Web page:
Richmond Folk Festival celebrates diversity, richness of American culture

Festival go-ers enjoy the folk concert. Photo by Jay Stonefield

Peggy Stansbery, Contributing Writer

People from all over the country gathered at Richmond’s historic riverfront to enjoy the diverse array of performances, foods and art offered at the Richmond Folk Festival this past weekend. 

One of the festival’s performers Gene Tagaban came all the way from Tacoma, Washington to perform — his shows involved aspects of his traditional culture: storytelling, dance and music he said. 

Tagaban grew up in Juneau, Alaska. He is Cherokee, Tlingit, Filipino and of the Takdeintaan clan from Hoonah, Alaska. Tagaban is a storyteller, performing artist, trainer, teacher and mentor, he said. 

Tagaban said he hoped people came to not only enjoy themselves but see, learn and appreciate the diversity of the people who are sharing their culture, art and talents with everybody. 

Tagaban performed multiple times throughout the weekend. He hopes his performances left people with an understanding of the richness and diversity of the indigenous people and what they have to offer, he said. 

“I hope that people will start acknowledging the history of the idenigenous people of this land,” Tagaban said. “Pretty much everywhere there is a city in this country there was an indengenous community there first. I hope that people will see that, realize that, become aware and start acknowledging that.”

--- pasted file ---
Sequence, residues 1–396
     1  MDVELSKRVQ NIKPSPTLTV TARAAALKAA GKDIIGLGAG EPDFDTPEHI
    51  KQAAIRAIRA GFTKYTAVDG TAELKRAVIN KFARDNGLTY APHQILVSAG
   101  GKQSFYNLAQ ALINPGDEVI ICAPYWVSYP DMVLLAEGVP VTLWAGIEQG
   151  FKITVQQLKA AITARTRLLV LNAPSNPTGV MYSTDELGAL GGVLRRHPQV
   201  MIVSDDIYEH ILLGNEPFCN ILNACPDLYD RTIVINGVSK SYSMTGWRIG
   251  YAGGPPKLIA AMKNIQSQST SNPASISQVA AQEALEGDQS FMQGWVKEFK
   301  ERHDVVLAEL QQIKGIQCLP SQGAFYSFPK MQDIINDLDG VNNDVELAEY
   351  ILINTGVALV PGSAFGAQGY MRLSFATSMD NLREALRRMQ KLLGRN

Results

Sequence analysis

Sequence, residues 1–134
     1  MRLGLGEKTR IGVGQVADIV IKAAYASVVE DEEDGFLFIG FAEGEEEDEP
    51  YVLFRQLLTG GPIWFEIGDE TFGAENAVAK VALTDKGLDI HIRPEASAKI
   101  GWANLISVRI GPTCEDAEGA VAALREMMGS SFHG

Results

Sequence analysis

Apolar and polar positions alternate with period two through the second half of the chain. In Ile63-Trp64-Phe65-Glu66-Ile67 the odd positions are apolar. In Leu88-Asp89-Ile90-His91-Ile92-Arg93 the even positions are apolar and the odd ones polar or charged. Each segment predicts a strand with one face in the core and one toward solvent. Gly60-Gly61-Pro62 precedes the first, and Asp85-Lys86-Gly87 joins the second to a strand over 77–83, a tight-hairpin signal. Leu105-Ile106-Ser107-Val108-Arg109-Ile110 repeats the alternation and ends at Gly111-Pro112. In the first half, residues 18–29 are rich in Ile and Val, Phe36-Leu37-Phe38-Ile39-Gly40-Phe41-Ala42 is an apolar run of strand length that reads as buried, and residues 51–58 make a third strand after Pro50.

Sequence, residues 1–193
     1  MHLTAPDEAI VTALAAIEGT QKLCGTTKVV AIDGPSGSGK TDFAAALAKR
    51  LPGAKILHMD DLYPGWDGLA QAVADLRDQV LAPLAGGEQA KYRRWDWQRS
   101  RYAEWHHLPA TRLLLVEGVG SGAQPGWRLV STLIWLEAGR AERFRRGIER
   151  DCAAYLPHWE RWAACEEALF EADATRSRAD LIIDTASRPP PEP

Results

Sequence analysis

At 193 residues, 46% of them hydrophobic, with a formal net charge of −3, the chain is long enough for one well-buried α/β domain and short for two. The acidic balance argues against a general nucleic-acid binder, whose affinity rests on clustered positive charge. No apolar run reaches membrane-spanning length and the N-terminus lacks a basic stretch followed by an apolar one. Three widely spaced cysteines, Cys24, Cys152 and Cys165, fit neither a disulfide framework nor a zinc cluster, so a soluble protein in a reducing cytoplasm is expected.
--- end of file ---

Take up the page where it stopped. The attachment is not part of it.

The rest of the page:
The festival involved many local participants as well, according to the event’s website. T. Monique Hevener, a vendor at this year’s festival, is a Richmond local.

The Richmonder sold bath and body products from her company CitrisSan at the festival’s marketplace, according to Hevener. 

Hevener said she and husband had always attended the festival, but this was her first time vending at the festival. 

“It’s a wonderful event. They do such a great job putting it together and the volunteers are amazing,” Hevener said. “Then there’s the diversity of the music, instruments and things you have never heard before, it’s just awesome.” 

The unique xylophone is played at the RVA folk festival. Photo by Jay Stonefield

Richmond locals and festival attendees Alex Luck and Susan Lipp have come every year since the festival began, they said. 

Luck said she knows people coming from out of town just to attend the festival.

“That shows that it is a big deal and hopefully there are people who are making this a destination, because the festival deserves that,” Luck said. 

The diversity of the performers and the atmosphere is a highlight of the festival, Lipp said. The festival aligns with what’s been going on in Richmond in recent years through highlighting and celebrating the diversity Richmond has, according to Lipp.

“I think what’s wonderful is we had three years of the national folk festival and that we have been able to sustain that for 15 years afterwards,” Lipp said. “For Richmond to continue it after the funding went away for the national festival is pretty incredible. It shows that Richmond is committed to the arts.”

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